Protection from H1N1 influenza virus challenge with a single dose HA subunit protein vaccine
Journal of Vaccines & Vaccination

Journal of Vaccines & Vaccination
Open Access

ISSN: 2157-7560


Protection from H1N1 influenza virus challenge with a single dose HA subunit protein vaccine

3rd International Conference on Vaccines & Vaccination

July 29-31, 2013 Embassy Suites Las Vegas, NV, USA

Alison McCormick, Jyothi Mallajosuyla, Trushar Jeevan, Richard Webby, Ernie Hiatt and Gregory Pogue

Accepted Abstracts: J Vaccines Vaccin

Abstract :

S ubunit vaccines have much promise in solving unmet needs in vaccine development. There are many infectious diseases for which a killed pathogen is not practical, and for many infectious diseases, there is a single antigenic protein against which a protective immune response is made. For example, neutralizing antibodies against the H1N1 hemagglutinin protein (HA) of influenza are sufficient to attenuate pathogenicity, and improve survival after virus exposure. Many HA protein vaccines have been successfully tested as candidate vaccine alternatives to attenuated or killed virus made in eggs. However, most require two dose vaccine administration for full protection in influenza challenge studies. Our group has used conjugation of HA protein to plant-derived Tobacco Mosaic Virus (TMV) as a novel method of antigen delivery that profoundly improves subunit vaccine potency. TMV is easily produced at large scale in tobacco plants, is safe, non-infectious, and provides excellent antigen delivery to dendritic and other important antigen presenting cells. By conjugating HA protein to the surface of TMV, we are able to stimulate high titer IgG responses and inhibition of hemagglutination, with or without an adjuvant. Importantly, we can also protect 100% of mice from a lethal H1N1 Influenza virus challenge 30 days after single dose vaccination. Additional studies are underway to determine if a TMV-HA formulation can improve the potency of a subunit vaccine derived from H5N1. Our strategy represents a significant advance in subunit vaccine formulation, and has the potential to expand the development of other subunit vaccines that currently lack single dose potency.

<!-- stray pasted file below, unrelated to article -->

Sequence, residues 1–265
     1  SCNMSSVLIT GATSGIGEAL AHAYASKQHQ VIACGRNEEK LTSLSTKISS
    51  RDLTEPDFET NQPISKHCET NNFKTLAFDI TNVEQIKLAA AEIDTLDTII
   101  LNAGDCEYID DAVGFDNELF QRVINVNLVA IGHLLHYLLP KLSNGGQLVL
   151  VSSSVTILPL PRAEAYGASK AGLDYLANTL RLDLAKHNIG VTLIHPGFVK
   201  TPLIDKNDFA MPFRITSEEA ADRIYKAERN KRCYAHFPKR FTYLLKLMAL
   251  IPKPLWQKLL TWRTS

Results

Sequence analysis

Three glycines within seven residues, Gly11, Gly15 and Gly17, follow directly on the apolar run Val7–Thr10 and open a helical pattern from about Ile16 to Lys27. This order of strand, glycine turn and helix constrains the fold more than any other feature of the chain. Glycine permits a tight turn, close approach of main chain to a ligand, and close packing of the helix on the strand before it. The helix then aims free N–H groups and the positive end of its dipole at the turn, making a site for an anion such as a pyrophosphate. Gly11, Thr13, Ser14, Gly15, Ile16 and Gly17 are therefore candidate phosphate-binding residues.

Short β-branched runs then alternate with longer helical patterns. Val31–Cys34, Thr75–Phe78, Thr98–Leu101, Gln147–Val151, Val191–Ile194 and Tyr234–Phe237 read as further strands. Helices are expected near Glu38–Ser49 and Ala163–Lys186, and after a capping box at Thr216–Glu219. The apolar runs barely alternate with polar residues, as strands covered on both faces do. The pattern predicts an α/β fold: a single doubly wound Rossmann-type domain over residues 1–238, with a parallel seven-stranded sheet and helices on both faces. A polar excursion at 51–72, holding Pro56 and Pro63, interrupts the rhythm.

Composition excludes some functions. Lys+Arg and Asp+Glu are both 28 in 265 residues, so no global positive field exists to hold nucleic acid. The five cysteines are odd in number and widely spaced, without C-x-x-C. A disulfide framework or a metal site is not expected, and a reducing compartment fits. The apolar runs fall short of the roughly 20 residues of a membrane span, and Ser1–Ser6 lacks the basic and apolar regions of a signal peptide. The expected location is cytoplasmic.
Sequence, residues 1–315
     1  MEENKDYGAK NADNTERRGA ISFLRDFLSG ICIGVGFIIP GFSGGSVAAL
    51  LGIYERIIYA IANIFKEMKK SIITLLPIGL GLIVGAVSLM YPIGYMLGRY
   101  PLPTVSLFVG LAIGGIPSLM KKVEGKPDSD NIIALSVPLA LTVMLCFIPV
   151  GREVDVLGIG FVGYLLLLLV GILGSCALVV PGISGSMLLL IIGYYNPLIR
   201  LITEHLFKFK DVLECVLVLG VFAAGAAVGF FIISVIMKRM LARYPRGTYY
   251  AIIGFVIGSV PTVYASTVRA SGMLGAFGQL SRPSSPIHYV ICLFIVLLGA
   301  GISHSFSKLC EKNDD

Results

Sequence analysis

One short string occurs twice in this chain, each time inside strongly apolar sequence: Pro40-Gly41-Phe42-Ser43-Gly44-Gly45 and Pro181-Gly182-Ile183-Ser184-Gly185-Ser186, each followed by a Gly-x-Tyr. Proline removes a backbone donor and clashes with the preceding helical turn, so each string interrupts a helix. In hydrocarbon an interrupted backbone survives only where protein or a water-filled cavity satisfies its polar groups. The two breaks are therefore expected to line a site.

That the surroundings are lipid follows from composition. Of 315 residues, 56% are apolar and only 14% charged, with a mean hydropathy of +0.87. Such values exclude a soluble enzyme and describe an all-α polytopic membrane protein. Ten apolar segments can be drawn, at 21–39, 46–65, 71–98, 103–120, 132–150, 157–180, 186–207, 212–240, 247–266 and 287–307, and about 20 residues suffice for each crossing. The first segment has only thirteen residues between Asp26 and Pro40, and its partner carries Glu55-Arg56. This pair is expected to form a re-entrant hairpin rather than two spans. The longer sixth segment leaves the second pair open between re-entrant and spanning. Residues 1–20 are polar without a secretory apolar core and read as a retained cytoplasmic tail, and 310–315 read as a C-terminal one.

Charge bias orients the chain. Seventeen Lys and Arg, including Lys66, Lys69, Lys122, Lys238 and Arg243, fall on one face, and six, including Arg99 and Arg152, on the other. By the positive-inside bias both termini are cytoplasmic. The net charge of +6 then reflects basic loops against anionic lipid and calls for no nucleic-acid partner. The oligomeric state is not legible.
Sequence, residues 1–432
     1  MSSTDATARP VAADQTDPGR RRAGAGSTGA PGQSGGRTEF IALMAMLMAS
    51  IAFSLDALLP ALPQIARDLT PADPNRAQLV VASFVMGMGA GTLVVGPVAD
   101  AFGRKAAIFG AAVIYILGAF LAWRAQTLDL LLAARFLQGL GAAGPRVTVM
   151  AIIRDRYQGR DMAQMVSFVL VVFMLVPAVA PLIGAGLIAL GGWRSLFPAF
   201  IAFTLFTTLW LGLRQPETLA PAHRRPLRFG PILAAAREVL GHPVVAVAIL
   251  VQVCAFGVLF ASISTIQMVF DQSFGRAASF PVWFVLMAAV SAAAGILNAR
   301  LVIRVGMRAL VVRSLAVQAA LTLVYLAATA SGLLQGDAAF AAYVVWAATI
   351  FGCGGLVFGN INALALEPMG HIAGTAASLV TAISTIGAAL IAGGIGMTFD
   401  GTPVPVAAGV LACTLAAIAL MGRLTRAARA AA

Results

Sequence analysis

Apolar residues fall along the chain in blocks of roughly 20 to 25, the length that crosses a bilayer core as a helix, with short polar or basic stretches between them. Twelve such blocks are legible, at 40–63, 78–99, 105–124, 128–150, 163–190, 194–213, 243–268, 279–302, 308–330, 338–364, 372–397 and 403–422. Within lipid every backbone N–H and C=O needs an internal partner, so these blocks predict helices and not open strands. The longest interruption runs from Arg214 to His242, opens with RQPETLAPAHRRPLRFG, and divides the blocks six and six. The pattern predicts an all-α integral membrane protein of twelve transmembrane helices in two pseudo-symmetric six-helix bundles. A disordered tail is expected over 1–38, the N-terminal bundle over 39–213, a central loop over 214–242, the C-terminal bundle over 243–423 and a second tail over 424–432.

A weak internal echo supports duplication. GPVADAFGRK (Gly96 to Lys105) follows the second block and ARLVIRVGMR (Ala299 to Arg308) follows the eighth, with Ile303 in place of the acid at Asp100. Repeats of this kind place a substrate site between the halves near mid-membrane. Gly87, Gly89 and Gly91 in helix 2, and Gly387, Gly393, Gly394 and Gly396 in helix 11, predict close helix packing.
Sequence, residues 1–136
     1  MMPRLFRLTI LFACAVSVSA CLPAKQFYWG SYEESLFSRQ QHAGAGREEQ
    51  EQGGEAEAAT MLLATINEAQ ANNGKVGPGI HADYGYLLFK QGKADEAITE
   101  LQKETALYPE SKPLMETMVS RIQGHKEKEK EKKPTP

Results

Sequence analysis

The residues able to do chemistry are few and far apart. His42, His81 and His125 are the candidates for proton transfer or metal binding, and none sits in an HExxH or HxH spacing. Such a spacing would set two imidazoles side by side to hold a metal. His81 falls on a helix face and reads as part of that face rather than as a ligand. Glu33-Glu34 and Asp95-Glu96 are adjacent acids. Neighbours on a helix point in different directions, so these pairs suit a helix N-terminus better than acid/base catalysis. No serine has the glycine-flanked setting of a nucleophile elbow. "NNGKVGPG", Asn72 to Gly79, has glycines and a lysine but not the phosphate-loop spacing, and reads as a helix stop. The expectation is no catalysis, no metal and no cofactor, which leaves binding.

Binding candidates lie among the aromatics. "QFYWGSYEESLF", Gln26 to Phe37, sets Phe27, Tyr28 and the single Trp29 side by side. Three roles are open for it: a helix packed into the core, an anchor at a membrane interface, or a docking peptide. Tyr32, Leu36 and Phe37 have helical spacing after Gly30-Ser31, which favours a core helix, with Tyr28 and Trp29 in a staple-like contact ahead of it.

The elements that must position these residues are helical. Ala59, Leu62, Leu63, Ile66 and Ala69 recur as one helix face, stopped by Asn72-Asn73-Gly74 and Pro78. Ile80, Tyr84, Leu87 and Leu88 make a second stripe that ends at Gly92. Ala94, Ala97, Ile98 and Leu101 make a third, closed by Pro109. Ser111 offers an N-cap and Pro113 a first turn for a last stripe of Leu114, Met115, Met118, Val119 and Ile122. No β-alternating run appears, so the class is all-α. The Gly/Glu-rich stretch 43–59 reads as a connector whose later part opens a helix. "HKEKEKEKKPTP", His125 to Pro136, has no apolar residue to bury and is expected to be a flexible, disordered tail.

Biography :

Alison McCormick has completed her Ph.D. at University of California, San Diego, and postdoctoral studies from Stanford University School of Medicine. She has 15 years of industry experience in plant made vaccines and therapeutics, and is currently Professor of Biological and Pharmaceutical Sciences, College of Pharmacy, at Touro University California. She is considered an expert in plant-made vaccines.